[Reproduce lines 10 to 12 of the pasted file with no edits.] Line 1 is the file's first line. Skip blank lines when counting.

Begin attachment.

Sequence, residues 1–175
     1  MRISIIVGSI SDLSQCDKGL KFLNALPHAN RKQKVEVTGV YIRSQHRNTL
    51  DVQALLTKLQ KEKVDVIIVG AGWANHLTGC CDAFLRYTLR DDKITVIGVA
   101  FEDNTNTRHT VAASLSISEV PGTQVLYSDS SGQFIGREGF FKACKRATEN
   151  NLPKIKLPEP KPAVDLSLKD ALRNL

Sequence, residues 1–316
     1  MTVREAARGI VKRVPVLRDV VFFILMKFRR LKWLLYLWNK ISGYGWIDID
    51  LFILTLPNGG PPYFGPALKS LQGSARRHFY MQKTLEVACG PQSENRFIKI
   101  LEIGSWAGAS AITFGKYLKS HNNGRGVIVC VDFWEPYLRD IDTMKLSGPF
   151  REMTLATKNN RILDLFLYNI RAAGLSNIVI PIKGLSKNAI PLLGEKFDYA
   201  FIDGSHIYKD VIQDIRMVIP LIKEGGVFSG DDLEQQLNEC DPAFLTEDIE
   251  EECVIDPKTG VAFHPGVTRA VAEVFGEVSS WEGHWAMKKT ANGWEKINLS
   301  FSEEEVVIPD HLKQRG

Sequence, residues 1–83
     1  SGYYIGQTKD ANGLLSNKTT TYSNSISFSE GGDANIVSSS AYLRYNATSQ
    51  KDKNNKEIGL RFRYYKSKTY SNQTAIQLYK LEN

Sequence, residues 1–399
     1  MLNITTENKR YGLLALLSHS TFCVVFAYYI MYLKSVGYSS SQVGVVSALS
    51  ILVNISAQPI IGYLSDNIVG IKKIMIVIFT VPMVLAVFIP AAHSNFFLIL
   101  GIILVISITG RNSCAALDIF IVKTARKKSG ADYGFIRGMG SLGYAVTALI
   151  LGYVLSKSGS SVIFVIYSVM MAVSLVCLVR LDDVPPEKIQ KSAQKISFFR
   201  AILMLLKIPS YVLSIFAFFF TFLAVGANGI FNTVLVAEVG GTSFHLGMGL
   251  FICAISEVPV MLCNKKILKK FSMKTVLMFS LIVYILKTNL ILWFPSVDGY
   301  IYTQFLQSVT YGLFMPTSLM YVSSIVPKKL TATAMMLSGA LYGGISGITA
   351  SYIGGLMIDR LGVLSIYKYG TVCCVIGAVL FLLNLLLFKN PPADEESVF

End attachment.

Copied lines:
   151  REMTLATKNN RILDLFLYNI RAAGLSNIVI PIKGLSKNAI PLLGEKFDYA
   201  FIDGSHIYKD VIQDIRMVIP LIKEGGVFSG DDLEQQLNEC DPAFLTEDIE
   251  EECVIDPKTG VAFHPGVTRA VAEVFGEVSS WEGHWAMKKT ANGWEKINLS